One Roanoke program has a unique way to help teens who had run-ins with the law. The goal is to teach young people life skills and help them design products that many people use at home.
“Project Payback” helps teens earn the money they owe the court system for fines and court fees. This year, the teens built birdhouses to raise money. Some of the artwork includes cartoons, military themes and other unique designs.
Organizers said each piece is up for sale with prices ranging from $5 to $20. The money raised help pay restitution cost. Counselors said painting the birdhouses are a therapeutic way for teens to gain confidence and learn valuable life skills.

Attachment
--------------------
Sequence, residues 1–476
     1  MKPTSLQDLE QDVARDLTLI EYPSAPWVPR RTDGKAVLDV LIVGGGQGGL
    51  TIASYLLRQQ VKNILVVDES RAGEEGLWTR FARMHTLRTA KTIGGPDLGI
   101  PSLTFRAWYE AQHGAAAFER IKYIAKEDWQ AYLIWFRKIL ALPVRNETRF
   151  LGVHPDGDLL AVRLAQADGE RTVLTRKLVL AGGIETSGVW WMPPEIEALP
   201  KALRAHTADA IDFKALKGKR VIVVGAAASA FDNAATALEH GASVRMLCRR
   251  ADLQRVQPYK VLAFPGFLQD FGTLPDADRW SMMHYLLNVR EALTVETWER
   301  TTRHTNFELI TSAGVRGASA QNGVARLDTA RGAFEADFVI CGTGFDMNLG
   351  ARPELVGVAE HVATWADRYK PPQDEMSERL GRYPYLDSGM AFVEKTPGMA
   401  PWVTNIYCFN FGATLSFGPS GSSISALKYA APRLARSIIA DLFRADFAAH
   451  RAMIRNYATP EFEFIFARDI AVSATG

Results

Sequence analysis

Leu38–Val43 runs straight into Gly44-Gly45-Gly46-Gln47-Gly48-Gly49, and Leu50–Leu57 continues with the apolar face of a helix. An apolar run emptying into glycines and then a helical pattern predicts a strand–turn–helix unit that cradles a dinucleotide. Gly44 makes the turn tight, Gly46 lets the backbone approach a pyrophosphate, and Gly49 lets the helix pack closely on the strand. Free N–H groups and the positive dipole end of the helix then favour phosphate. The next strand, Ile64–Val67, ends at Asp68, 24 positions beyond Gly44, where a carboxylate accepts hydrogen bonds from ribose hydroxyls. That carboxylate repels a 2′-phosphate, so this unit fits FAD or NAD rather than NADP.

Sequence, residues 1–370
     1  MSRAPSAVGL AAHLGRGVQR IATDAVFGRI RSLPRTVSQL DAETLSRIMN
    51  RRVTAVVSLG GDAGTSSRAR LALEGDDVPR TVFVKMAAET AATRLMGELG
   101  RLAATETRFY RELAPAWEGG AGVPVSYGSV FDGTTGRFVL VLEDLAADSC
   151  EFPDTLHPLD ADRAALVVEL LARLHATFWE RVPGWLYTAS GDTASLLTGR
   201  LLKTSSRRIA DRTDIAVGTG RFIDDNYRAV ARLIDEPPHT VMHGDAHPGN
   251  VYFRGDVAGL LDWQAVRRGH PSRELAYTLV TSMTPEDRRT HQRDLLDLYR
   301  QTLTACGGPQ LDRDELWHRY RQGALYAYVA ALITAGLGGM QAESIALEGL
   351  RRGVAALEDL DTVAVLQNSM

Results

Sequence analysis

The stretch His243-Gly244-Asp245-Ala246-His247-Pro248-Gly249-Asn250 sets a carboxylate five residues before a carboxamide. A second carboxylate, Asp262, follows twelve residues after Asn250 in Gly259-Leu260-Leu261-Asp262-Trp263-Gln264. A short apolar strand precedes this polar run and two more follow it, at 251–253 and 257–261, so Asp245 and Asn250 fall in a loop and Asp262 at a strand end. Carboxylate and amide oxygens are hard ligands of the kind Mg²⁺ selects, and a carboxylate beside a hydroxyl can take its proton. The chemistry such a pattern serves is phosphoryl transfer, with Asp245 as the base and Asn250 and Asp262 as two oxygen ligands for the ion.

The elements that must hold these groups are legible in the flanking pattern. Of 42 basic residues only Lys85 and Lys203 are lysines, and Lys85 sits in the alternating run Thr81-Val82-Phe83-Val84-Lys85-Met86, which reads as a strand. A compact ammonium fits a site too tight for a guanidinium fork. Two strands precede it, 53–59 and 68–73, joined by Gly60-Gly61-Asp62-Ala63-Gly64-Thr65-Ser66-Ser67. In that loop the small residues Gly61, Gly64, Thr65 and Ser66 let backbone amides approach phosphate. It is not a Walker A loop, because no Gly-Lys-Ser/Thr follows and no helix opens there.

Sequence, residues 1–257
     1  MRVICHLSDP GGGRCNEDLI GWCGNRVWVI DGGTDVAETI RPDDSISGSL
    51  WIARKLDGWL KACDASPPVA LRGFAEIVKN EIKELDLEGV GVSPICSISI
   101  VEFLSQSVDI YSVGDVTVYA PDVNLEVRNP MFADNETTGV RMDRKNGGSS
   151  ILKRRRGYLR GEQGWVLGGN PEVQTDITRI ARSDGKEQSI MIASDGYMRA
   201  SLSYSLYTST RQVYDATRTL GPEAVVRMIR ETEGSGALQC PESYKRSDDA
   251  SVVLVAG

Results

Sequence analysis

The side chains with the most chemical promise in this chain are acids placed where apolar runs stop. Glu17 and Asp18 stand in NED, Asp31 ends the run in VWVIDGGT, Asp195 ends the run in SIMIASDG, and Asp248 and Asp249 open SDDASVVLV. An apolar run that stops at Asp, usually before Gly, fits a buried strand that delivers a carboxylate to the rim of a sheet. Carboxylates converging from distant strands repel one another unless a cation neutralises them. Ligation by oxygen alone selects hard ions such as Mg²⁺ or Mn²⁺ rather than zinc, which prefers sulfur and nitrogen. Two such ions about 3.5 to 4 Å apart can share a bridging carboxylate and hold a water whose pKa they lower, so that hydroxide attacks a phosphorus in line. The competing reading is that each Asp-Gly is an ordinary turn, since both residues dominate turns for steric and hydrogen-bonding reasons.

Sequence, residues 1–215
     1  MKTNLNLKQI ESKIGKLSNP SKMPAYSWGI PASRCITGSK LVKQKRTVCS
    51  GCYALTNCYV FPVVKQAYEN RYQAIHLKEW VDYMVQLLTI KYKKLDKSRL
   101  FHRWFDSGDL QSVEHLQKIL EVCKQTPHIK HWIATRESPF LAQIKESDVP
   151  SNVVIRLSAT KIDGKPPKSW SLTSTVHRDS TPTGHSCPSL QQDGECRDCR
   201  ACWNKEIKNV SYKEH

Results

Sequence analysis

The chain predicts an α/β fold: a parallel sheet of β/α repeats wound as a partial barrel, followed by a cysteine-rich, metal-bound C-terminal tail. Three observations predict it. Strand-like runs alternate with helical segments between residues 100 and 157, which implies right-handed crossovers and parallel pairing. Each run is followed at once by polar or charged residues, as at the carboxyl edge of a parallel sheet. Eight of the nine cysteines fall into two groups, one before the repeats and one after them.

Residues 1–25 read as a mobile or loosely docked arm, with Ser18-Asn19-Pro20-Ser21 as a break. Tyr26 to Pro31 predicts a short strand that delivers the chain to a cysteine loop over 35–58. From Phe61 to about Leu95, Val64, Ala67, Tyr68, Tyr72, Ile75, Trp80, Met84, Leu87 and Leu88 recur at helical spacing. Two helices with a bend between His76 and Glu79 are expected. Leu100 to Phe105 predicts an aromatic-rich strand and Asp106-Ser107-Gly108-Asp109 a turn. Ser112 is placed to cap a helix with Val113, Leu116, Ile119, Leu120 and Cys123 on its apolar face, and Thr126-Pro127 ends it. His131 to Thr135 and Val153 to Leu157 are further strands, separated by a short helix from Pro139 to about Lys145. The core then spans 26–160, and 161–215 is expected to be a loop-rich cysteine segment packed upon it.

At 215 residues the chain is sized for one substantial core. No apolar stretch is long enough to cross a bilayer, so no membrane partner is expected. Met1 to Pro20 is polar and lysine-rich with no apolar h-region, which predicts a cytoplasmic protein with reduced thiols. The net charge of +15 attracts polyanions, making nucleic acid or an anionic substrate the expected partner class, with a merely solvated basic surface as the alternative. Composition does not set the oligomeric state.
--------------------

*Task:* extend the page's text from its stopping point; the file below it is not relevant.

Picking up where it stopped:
“They are involved in a positive activity” said Jim O’Hare, Project Payback organizer. “It is something the teen can work on with their hands and they have a product at the end.”
O’Hare said many of the supplies were donated by the community. The group partnered with Junior Achievement to help sell the birdhouses and make restitution payments The teens plan to have a booth at next month’s Art and Crafts show at the Roanoke Civic Center.